It doesn’t take an industry expert to see how much the world of gaming has changed over the past decade or so. Yet those changes run far deeper than technology bringing enhanced realism, greater depth and improved physics to the gaming experience. On a more fundamental level, changes in the way games are created and delivered to the market have caused a shift in the very development process.
This phenomenon is encapsulated in the concept of Games as a Service (GaaS). Once, developers designed a game, released it, and it sat on shelves for people to purchase while the development team moved on to the next project. Today, games are delivered online and constantly revised and updated. It’s a little like comparing the release of a movie with an ongoing TV series. Except here, the viewers have a voice in deciding how the plot is going to unfold.
The shift towards GaaS
This type of delivery and development of video games is very much a product of the eSport world. MMOs like World of Warcraft were among the pioneers in charging players a subscription and using the funds to keep the game alive, and in more recent years, we have seen top eSport titles like CS:GO and Dota 2 follow the same path. It is worth remembering that both these games have been around for more than seven years now. In gaming, that’s an eternity, but GaaS makes it possible to extend their lifespan – for just how long remains to be seen.
Perhaps the most dramatic development, however, has come with the quantum shift towards mobile gaming that has gradually gathered pace over the past couple of years, and the social aspects that have accompanied it. Tencent in China was the first to really react here, and is now the top revenue generator in the game design industry. Since then, Valve Corporation has also become a major influence in the world of GaaS.
Investing in the game
From the gamer’s perspective, it is this concept of influence that makes GaaS such an attractive proposition. We’ve all bought games over the years that were turkeys, either due to some fundamental flaws or a lack of development. But when launched in the GaaS model, every game can reach its full potential, and the players who have invested their money in it can help to take it there.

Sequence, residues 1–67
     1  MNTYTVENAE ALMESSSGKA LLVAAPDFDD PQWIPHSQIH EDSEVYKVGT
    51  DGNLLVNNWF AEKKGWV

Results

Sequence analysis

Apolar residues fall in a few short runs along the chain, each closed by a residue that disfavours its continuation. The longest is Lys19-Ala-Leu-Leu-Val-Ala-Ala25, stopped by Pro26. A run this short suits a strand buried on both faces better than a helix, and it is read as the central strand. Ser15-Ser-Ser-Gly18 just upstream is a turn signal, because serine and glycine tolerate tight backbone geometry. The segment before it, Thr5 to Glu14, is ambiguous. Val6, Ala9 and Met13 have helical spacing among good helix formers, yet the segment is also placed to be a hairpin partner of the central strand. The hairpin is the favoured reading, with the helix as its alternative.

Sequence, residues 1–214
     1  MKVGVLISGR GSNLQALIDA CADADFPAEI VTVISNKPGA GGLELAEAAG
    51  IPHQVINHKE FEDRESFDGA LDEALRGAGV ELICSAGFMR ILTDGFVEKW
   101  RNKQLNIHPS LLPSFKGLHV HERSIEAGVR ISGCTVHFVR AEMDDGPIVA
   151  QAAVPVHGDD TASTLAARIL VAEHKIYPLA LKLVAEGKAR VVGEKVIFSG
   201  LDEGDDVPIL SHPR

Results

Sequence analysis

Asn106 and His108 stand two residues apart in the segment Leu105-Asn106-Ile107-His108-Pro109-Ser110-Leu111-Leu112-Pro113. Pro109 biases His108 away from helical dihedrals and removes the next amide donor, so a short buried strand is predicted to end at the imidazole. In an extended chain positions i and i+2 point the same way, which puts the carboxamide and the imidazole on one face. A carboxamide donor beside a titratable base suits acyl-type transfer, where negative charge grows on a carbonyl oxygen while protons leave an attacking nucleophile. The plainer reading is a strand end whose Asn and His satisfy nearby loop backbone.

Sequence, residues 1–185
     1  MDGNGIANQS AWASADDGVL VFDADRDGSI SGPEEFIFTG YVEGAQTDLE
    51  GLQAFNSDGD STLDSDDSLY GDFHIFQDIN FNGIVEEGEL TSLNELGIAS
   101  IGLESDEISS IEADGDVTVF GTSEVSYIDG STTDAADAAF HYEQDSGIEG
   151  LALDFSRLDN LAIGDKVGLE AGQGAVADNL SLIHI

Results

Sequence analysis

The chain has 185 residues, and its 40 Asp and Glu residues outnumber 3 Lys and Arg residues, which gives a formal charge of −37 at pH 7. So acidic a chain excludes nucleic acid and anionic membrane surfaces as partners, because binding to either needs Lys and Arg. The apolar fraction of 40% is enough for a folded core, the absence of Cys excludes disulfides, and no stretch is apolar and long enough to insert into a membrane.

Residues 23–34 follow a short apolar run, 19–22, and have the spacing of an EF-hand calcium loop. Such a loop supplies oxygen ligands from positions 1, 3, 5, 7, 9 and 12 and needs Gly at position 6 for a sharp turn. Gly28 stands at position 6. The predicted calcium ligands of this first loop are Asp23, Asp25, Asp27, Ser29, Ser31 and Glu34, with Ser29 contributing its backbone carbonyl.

A prime example here is Diablo III. When it first came out, the solid qualities of the game were marred by a number of design blunders. These ranged from the constant authentication requirements to the lack of an offline single player mode to some inconsistencies in the lighting. Players lobbied the designers and subsequent updates addressed many of their concerns. It’s the difference between a medium-rated game that soon finds itself on the discount shelf and a classic of our times with a loyal fanbase.
So much for the player’s perspective – what is in GaaS for the developers, apart from the ability to fine tune their product over months and years? Of course it comes down to the bottom line, and GaaS brings various routes to monetization. The number of gamers buying physical games on discs is dwindling almost as fast as those buying music CDs. There’s a wider choice of free or freemium games than ever. Finding new monetization models is vital in an industry that is growing so quickly in terms of players and popularity, and not just in the gaming heartlands of China, Japan and the USA.
Just look at New Zealand, for example. Here, the industry generated $100 million in 2018, doubled that to $200 million in 2019 and is expected to be worth $1 billion by 2025. So how are developers using GaaS to persuade Kiwi gamers to keep digging deep?
There are various answers to that question, but one of the most intriguing is in skins trading. Now this is an area that has attracted a degree of controversy. It could be perceived as coming dangerously close to gambling, a pastime that New Zealanders know and love. The problem is that skin gambling differs from real money casinos, as the latter are closely regulated, have rigorous controls to prevent underage gambling and use real-world money.
Skin gambling, on the other hand, can be compared to the last vestige of the wild west to be found in cyberspace. While it is ostensibly restricted to digital assets only, it is all too easy to convert these to and from real money – and the introduction of coins like Skincoin blurs the boundaries still further.
Looking to the future
For developers, microtransactions for skins can be a great revenue source. Yet what people then do with them in terms of using them as virtual betting chips can lead to more trouble than it is worth. This is why many choose to look at other, less contentious forms of monetization, such as premium content, subscription services and season passes.
Ultimately, we are shifting to an on-demand world. We see it in the TV shows, movies and sports events we watch, and it is an absolute inevitability that gaming is to take the same path. From a quality perspective, it makes for better games, and ones that players can help shape and therefore really connect with on a personal level. The challenge for the developers is to keep in step with the times and strike the right balance between profits and customer care in their monetization strategies.